Jose Cruz Jr was solid when he was a Mariner, then we traded him away for two shitty relievers, then he got really bad, and then he was gone. Again, more disappointed in our front office for giving up on a quality prospect too soon.
A-Rod was disappointing because he was a greedy scumbag & soon-to-be cheater. But, his level of play on the field was unmatched, so there’s no way I’m calling him a bigger disappointment than Ackley (also, yes, I would have taken the money and played for the Rangers, so eat me, he’s still a greedy fuck).
Anyone before A-Rod is out of my wheelhouse (aside from Griffey, of course, who was the single greatest draft pick in franchise history). You can post your reasons in the comments as to why you think some of those old timers might be more disappointing than Dustin Ackley, but for now, I’m saying this with full confidence: Dustin Ackley is the most disappointing draft pick in Mariners history.
Let’s jump right into the Seattle Seahawks. Who is their most disappointing first round draft pick? Again, I’ll run through all the top 10 picks (even though I think we all have a pretty good idea who this is going to end up being):
- 2010 – Russell Okung (6)
- 2009 – Aaron Curry (4)
- 2001 – Koren Robinson (9)
- 1997 – Shawn Springs (3)
- 1997 – Walter Jones (6)
- 1995 – Joey Galloway (8)
- 1994 – Sam Adams (8)
- 1993 – Rick Mirer (2)
- 1992 – Ray Roberts (10)
- 1990 – Cortez Kennedy (3)
- 1983 – Curt Warner (3)
- 1982 – Jeff Bryant (6)
- 1981 – Kenny Easley (4)
- 1980 – Jacob Green (10)
- 1978 – Keith Simpson (9)
- 1976 – Steve Niehaus (2)
Not gonna lie to you, I’m not up on my Steve Niehaus or Keith Simpson knowledge, but let’s just assume they’re not the most disappointing draft picks in Seahawks history. Green, Easley, and Bryant were mainstays of a dominant defense in the 1980s, so count them out. Curt Warner was only disappointing because we didn’t use that pick to try to trade up for John Elway (or trade back to take one of the other amazing quarterbacks in that class). Curt Warner the player was dynamic when he was healthy.
Cortez and Walter Jones are probably tied for the very best draft picks in Seahawks history, as both are Hall of Famers. Ray Roberts was a solid offensive lineman in his career (if not specifically his Seahawks career). Sam Adams was a fringe Hall of Famer for the Ravens, but had a nice and long career elsewhere (including Seattle for a few productive seasons). Joey Galloway and Shawn Springs were studs who had their best years away from the northwest (but, again, were no slouches in a Seahawks uniform). Okung has been a steady starter at left tackle (and a fine Walter Jones replacement when healthy) since he was a rookie.
For me, the disappointments come down to Aaron Curry, Koren Robinson, and Rick Mirer. But, before I talk about this trio of Top 10 turds, let’s take a look at some honorable mentions from a little lower in the first round.
Lawrence Jackson was taken 28th overall. He was supposed to come in and breathe life into our tepid pass rush. Instead, he joined our team in 2008 as the franchise bottomed out, let Mike Holmgren walk, and eventually ushered in the Era of Good Feelings that has been Pete Carroll and John Schneider. Oh yeah, and Jackson stunk the whole while and it wasn’t long before Carroll traded him away for scraps.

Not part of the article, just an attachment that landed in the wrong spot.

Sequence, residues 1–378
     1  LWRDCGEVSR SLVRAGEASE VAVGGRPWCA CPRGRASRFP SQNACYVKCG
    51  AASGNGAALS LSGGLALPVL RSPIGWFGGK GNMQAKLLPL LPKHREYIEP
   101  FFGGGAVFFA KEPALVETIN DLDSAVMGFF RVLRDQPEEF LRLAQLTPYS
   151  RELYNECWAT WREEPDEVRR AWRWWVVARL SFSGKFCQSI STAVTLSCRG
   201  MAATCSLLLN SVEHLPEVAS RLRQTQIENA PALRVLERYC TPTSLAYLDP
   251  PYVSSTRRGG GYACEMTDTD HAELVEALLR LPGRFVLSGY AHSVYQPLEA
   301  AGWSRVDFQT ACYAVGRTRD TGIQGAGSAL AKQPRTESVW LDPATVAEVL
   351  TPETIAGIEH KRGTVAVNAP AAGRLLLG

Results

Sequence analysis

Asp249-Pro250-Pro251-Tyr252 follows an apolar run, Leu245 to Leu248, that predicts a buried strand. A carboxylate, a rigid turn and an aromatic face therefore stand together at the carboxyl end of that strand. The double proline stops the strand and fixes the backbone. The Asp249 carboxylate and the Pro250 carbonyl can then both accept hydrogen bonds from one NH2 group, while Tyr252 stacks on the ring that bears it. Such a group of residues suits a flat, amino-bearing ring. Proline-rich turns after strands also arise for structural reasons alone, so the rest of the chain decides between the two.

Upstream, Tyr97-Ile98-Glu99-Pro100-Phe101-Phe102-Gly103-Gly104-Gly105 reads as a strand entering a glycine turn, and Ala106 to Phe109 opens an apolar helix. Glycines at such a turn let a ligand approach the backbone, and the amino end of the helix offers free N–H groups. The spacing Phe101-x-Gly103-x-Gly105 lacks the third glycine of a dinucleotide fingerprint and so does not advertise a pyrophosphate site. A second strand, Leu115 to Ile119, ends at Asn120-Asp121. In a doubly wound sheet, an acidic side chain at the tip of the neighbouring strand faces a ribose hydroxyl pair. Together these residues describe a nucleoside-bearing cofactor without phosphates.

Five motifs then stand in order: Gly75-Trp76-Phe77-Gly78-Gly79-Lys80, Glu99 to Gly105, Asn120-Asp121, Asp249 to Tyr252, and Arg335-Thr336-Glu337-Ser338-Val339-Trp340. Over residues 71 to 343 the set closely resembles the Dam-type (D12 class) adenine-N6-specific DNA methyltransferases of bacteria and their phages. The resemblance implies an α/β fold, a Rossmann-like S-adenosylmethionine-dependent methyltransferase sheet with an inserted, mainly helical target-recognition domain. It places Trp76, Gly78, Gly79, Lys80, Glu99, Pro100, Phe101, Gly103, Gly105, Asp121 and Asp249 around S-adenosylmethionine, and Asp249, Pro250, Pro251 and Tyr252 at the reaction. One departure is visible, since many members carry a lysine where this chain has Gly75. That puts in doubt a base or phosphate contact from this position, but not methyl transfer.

In 2006, the Seahawks selected Kelly Jennings with the 31st overall pick. Coming off of our first-ever Super Bowl appearance, we were in desperate need of shoring up our secondary. Kelly Jennings was no help in this regard. While it’s hard to expect super-greatness out of your 31st overall draft pick, he was still a member of this team – and a starter at that – for far too long, leading us to suffer a barrage of long bombs over his outstretched midget arms.
In 2002, the Seahawks selected Jerramy Stevens 28th overall. That’s all I need to say about this wretch.
In the 1987 NFL Supplemental Draft, the Seahawks took Brian Bosworth with what amounts to a first round draft pick. He was subsequently given the largest contract in franchise history, and rewarded us with lackluster and often embarrassing play. He was a better action movie star than a football player, and that’s REALLY not saying much.
But, let’s get back to our Top 3 disappointments from before. I’m scratching off Koren Robinson, for starters. Yes, he had the talent to be elite – and pissed it all away with addiction – but one has to wonder if he was even the right fit for this type of offense to begin with. And, while he wasn’t spectacular, he was far from dreadful. I’m giving him a pass.
This boils down to Aaron Curry and Rick Mirer. You may recall with Aaron Curry, we were coming off of our dreadful 2008 season. With the 4th overall pick, people were screaming for the Seahawks to take a quarterback. With Matthew Stafford already off the board, and Mark Sanchez sitting there, the Seahawks opted to do the prudent thing: take the “safest pick in the draft”. Aaron Curry was an outside linebacker and – depending on who you talked to – was some mix of Lawrence Taylor and Derrick Thomas. We were going to pair him with Lofa Tatupu and Leroy Hill to have the best linebacking corps in the entire NFL.
Instead, he was slow to pick up the game mentally, slow to pick up the intricacies of his position, and just all-around slow on the field. He did practically nothing for us, wound up being traded for a low-round draft pick, and was replaced on the field by a mid-round draft pick. But, considering the Seahawks were bottoming out all over the roster, it’s hard to peg all of our troubles on Curry. Even if he’d panned out as we’d hoped, he still would have been just a good player on a crappy team.